Sorry about the long delay between posts, but I have been roused out of my blogsleep by my utter disgust at Noam Chomsky’s latest piece of vomit, this one on the subject of the raid that killed bin Laden.
I should say in preface that there is plenty of reason to be skeptical about international raids on individual targets and that one of Chomsky’s regular villains, George W. Bush, is also in my pantheon of modern blackguards. So you’d think I’d be inclined to agree with Chomsky, and I might have if he had stuck to his own advice to think about the “most obvious and elementary facts.” The problem is that Chomsky invented a lot of his own so-called facts, and in one case, the invention is so palpably dishonest as to raise questions about his personal integrity.
Says Chomsky, “We might ask ourselves how we would be reacting if Iraqi commandos landed at George W. Bush’s compound, assassinated him, and dumped his body in the Atlantic.”
Well, let’s spot the differences. Firstly, bin Laden was not a head of state, he was the founder and spiritual leader and continuing organiser of an international terrorist organisation. Secondly, whatever one thinks of Bush the Younger (and I doubt anyone’s opinion could be much lower than mine), he is no longer active as President whereas on the evidence available to me, bin Laden was actively involved in planning terrorist activities up to the day of the raid. Thirdly, the Iraqi occupation, rather than leading to the assassination of its head of state, led to the capture, trial, and legal (although botched and unnecessary in my opinion) execution of Saddam Hussein by the Iraqi judicial system.
Says Chomsky, “Uncontroversially, his [Bush's] crimes vastly exceed bin Laden’s…”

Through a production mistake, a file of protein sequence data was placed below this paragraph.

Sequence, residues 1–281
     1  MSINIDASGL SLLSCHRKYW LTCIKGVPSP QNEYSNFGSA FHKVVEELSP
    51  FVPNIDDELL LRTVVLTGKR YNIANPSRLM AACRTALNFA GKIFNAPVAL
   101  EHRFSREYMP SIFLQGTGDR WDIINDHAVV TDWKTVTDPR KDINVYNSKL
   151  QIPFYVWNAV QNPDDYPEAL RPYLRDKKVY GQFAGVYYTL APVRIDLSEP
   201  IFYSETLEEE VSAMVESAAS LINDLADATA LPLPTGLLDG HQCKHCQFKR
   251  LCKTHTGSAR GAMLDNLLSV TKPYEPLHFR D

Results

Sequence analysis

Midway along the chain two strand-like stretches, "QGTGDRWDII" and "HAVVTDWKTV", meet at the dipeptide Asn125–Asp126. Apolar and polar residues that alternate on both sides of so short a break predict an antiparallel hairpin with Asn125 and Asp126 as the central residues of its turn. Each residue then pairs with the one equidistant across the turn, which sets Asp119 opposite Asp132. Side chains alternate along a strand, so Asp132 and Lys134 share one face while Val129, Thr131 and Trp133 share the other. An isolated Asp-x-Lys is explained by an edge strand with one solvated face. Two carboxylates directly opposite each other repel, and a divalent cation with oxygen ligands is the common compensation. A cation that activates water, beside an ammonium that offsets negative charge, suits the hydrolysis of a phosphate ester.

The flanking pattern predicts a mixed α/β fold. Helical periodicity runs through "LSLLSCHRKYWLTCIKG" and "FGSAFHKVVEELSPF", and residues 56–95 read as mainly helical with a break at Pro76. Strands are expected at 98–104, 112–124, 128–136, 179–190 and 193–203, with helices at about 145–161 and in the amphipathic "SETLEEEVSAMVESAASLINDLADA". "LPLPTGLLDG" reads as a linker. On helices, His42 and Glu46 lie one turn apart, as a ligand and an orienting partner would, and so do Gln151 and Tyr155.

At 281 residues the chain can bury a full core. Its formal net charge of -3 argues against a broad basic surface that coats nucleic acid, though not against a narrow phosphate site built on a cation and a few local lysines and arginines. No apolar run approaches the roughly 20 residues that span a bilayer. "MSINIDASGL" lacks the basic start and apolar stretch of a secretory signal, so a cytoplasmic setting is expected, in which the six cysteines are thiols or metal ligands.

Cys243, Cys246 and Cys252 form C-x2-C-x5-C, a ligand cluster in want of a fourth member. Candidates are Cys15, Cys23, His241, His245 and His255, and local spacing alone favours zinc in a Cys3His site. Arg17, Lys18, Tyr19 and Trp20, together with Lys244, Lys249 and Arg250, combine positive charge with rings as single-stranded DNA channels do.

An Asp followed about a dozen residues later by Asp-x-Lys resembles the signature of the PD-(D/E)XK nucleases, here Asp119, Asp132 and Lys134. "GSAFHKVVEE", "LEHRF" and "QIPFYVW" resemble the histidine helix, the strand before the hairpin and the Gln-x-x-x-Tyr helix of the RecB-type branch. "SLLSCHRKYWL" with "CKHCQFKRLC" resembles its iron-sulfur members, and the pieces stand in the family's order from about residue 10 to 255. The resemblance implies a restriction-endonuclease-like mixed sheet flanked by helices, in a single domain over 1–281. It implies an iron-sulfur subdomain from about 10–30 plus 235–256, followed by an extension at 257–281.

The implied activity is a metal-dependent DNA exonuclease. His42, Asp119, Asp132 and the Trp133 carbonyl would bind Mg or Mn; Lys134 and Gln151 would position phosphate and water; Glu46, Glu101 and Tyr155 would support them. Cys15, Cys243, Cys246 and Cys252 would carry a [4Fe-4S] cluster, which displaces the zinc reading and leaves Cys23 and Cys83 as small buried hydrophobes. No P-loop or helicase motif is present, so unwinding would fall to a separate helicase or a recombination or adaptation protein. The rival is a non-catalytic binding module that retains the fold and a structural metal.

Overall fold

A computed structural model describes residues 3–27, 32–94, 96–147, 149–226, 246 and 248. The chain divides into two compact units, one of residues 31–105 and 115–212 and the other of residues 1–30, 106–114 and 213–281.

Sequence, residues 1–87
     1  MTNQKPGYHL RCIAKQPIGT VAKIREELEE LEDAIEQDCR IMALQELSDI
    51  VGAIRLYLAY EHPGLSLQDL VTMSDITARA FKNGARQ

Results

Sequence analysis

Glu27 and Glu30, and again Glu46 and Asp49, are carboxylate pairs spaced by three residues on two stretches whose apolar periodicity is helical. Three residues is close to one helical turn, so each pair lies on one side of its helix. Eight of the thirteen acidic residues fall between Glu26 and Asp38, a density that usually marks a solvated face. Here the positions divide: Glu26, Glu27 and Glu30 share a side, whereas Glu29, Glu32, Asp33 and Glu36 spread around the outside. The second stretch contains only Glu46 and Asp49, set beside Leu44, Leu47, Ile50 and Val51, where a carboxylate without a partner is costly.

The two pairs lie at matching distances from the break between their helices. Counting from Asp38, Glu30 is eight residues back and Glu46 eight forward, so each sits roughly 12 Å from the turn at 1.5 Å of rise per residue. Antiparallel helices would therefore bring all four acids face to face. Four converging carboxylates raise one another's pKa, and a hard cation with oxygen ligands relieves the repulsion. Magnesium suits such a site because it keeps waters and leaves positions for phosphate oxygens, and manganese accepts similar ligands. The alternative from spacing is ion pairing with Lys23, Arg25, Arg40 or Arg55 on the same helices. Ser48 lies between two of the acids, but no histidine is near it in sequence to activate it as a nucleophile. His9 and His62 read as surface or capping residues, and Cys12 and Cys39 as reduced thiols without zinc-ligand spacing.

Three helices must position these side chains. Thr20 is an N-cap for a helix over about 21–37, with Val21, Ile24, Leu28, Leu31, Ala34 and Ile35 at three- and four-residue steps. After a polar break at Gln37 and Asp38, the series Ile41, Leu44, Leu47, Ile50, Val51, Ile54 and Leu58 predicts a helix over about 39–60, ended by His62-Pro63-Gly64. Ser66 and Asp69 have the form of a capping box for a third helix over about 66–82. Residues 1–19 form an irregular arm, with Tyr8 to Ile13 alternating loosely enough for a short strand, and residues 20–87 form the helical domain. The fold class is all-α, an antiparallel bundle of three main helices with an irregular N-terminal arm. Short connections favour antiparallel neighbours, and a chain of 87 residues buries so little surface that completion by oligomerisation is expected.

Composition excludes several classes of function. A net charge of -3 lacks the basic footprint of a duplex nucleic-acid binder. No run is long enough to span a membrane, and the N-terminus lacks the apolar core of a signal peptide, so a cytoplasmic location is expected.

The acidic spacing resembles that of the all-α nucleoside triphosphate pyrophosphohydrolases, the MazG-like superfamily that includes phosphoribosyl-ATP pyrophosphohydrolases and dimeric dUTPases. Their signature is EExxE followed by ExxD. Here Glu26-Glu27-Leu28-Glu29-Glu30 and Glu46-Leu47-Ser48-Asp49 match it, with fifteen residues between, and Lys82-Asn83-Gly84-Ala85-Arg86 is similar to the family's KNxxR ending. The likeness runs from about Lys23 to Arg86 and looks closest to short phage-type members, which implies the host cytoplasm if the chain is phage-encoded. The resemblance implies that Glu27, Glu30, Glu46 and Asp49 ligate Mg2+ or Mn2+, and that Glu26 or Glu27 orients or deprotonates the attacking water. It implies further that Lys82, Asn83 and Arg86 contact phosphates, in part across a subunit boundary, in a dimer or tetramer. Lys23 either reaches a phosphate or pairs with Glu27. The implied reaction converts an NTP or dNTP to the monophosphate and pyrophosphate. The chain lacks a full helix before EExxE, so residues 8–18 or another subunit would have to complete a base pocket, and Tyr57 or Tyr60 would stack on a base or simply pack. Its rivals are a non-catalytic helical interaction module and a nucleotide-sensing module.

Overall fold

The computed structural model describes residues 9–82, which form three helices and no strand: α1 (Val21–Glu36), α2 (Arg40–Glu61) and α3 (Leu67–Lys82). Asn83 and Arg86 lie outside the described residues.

Uncontroversially? Uncontroversially? Really? You can see right there the basic flaw in Chomsky’s public personality. If he believes something to be true, he believes that there can be no argument, no evidence, not even a controversy against it. If he thinks it, then it must be true, obviously true, even uncontroversially true; no opinion of his, no matter how far removed from reality, can be anything other than an obvious and elementary fact.
Says Chomsky, “There’s more to say about [Cuban airline bomber Orlando] Bosch, who just died peacefully in Florida, including reference to the ‘Bush doctrine’ that societies that harbor terrorists are as guilty as the terrorists themselves and should be treated accordingly.”
Now I agree fully that the Bush Doctrine (although that term means different things to different people) is fatally flawed on both the moral and the effectiveness axes. But I didn’t know much about Orlando Bosch. What I found was very interesting. If, indeed, one wants to point out US turpitude and the hypocrisy of the Bush Doctrine, then Bosch is an excellent example. But the distinctions between Bosch and bin Laden are so huge that it’s odious of Chomsky to make this equivalence.
Bosch was convicted of terrorist crimes in the US — for firing a recoil-less rifle at a ship. There were no deaths or injuries, but this hardly mitigates Bosch’s intentions. Had it not been for an FBI sting that caught him placing what he thought was a bomb on a British freighter, he would no doubt have killed many people in the following months.
Bosch was sentenced to ten years imprisonment, was paroled after four years of his sentence and skipped the US and spent the next decade moving from Venezuela to Costa Rica to Chile, all the while involving himself in (usually unsuccessful) attempts to damage Cuban interests, kill Cuban ambassadors, and so on. Eventually he was associated with a major terrorist effort that came off: the bombing of Cubana Flight 455, killing all 73 people on board.
Bosch was arrested for complicity in the bombing and spent four years in a Venezuelan prison awaiting trial…in which he was acquitted. He was convicted of the lesser crime of holding forged papers, but his four years already served meant that he walked out of court a free man.